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John Ramsay McCulloch

Scottish economist, author and editor
John Ramsey McCulloch by Daniel Macnee

John Ramsey McCulloch (1 March 1789 – 11 November 1864) was a Scottish economist, author and editor, widely regarded as the leader of the Ricardian school of economists after the death of David Ricardo in 1823. He was appointed the first professor of political economy at University College London in 1828. He wrote extensively on economic policy, and was a pioneer in the collection, statistical analysis and publication of economic data.

Contents

QuotesEdit

  • The principle of laissez-faire may be safely trusted to in some things but in many more it is wholly inapplicable; and to appeal to it on all occasions savors more of the policy of a parrot than of a statesman or a philosopher.
    • John Ramsay McCulloch (1848; 156), cited in: Roderick Floud, et al. (2014), The Cambridge Economic History of Modern Britain, Volume 1. p. 363
  • Smuggling is a crime, which occupies so prominent a place in the criminal legislation of all modem states, is wholly the result of vicious commercial and financial legislation
    • John Ramsay McCulloch. A Dictionary Practical, Theoretical, and Historical of Commerce and Commercial Navigation by the Late J. R. M'Culloch, Longmans, Gren & Company, 1871 p. 1298; About the origin of smuggling

The principles of political economy, 1825Edit

John Ramsay McCulloch (1825), The principles of political economy: with a sketch of the rise and progress of the science; Parts were published earlier in the lemma "Political Economy," in Encyclopaedia Britannica, Vol II, 1824, p. 216-278

  • It is to labour... and to labour only, that man owes every thing possessed of exchangeable value. Labour is the talisman that has raised him from the condition of the savage — that has changed the desert and the forest into cultivated fields... Labour tho that has covered the earth with cities and the ocean with ships — of wealth that has given us plenty, comfort, and elegance, instead of want, misery, and barbarism.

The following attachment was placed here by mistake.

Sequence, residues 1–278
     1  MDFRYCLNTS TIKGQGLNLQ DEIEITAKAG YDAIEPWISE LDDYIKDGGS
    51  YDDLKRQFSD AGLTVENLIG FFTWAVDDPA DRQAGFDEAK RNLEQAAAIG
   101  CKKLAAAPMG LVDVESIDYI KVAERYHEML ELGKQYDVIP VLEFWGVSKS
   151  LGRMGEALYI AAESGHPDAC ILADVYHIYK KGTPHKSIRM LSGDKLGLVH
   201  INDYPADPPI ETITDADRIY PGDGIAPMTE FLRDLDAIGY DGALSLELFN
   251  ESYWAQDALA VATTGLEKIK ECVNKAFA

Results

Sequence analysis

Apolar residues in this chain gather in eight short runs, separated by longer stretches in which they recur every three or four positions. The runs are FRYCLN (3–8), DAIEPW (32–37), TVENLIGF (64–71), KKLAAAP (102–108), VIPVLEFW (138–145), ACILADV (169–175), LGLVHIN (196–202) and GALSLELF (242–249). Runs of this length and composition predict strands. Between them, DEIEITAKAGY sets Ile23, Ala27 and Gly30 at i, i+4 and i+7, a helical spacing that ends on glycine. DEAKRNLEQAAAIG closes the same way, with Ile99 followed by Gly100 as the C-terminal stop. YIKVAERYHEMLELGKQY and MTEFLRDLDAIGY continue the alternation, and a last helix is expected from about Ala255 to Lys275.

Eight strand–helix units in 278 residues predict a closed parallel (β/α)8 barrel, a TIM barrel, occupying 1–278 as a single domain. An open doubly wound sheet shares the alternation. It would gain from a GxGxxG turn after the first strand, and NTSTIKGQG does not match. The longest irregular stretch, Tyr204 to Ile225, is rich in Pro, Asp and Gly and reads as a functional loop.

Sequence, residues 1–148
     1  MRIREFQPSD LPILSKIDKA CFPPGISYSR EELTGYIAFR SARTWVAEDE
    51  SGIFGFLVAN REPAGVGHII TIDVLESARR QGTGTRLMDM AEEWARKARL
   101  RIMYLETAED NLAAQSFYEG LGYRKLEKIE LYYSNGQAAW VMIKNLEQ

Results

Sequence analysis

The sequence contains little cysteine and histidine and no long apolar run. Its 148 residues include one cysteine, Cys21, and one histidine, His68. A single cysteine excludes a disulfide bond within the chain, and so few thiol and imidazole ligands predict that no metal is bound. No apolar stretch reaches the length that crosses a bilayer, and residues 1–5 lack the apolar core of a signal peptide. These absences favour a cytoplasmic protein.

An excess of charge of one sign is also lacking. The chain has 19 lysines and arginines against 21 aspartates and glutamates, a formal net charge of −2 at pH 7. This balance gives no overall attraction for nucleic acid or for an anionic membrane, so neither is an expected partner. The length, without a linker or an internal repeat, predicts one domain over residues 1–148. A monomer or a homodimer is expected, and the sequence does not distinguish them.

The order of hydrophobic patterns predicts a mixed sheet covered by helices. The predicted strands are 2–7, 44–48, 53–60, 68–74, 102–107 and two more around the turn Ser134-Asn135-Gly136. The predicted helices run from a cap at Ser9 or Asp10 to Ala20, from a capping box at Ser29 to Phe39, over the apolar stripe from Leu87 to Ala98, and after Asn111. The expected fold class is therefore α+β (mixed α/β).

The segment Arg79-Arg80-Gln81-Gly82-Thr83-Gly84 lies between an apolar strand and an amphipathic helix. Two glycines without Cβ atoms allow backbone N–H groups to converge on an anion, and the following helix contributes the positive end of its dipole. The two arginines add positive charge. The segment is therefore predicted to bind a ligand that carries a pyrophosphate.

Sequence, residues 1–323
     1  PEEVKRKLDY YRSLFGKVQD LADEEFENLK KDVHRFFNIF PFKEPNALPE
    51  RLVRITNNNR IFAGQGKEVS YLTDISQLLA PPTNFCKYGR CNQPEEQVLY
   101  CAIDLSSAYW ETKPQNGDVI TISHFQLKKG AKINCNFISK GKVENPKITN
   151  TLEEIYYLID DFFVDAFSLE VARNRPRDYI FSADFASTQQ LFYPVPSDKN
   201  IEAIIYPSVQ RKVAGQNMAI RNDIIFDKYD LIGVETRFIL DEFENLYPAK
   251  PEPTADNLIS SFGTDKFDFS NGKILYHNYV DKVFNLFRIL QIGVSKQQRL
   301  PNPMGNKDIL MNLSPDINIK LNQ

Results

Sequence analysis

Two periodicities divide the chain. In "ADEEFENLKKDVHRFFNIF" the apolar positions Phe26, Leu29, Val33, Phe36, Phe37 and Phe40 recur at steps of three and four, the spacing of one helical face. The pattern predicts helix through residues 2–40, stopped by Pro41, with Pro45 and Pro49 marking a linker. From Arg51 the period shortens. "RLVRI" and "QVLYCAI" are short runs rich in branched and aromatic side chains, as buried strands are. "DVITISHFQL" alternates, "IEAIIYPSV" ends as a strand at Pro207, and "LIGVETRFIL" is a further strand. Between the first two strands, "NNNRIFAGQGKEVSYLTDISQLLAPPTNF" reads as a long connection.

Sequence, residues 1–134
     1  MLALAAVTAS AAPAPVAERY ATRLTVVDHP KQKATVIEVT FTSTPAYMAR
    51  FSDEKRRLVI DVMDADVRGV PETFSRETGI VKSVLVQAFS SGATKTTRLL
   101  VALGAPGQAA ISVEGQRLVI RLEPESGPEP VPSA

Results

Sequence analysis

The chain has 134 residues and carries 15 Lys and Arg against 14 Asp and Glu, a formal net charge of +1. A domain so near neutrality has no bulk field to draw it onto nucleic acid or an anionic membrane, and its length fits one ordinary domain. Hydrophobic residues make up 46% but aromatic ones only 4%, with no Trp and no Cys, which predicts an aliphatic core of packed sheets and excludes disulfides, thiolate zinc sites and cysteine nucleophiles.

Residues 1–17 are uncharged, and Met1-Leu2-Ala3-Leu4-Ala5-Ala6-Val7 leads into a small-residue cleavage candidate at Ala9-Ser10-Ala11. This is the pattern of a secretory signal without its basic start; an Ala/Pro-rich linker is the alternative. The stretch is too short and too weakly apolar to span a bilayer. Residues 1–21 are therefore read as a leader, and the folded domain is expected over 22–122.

• p. 55-56 ;
  • The division of labour is a consequence of the previous accumulation of capital... As the accumulation of capital must have preceded the division of labour, so its subsequent division can only be extended as capital is more and more accumulated. Accumulation and division act and react on each other. The quantity of raw materials which the same number of people can work up increases in a great proportion, as labour comes to be more and more subdivided; and acccording as the operations of each workman are reduced to a greater degree of identity and simplicity, he has, as already explained, a greater chance of discovering machines and processes for facilitating and abridging his labour. The quantity of industry, therefore, not only increases in every country with the increase of the stock or capital which sets it in motion; but, in consequence of this increase, the division of labour becomes extended, new and more powerful implements and machines are invented, and the same quantity of labour is thus made to produce an infinitely greater quantity of commodities
    • p. 95-96
  • Suppose that a cask of new wine, which cost £50, is put into a cellar, and that, at the end of twelve months, it is worth £55, the question is: Should the £5 of additional value, given to the wine, be considered as a compensation for the time the £50 worth of capital has been locked up, or should it be considered as the value of additional labour actually laid out in the wine?

Quotes about John Ramsay McCullochEdit

  • Probably no member of the English school has been so unhappy in his treatment of the subject or done the theory of interest such a disservice as McCulloch.

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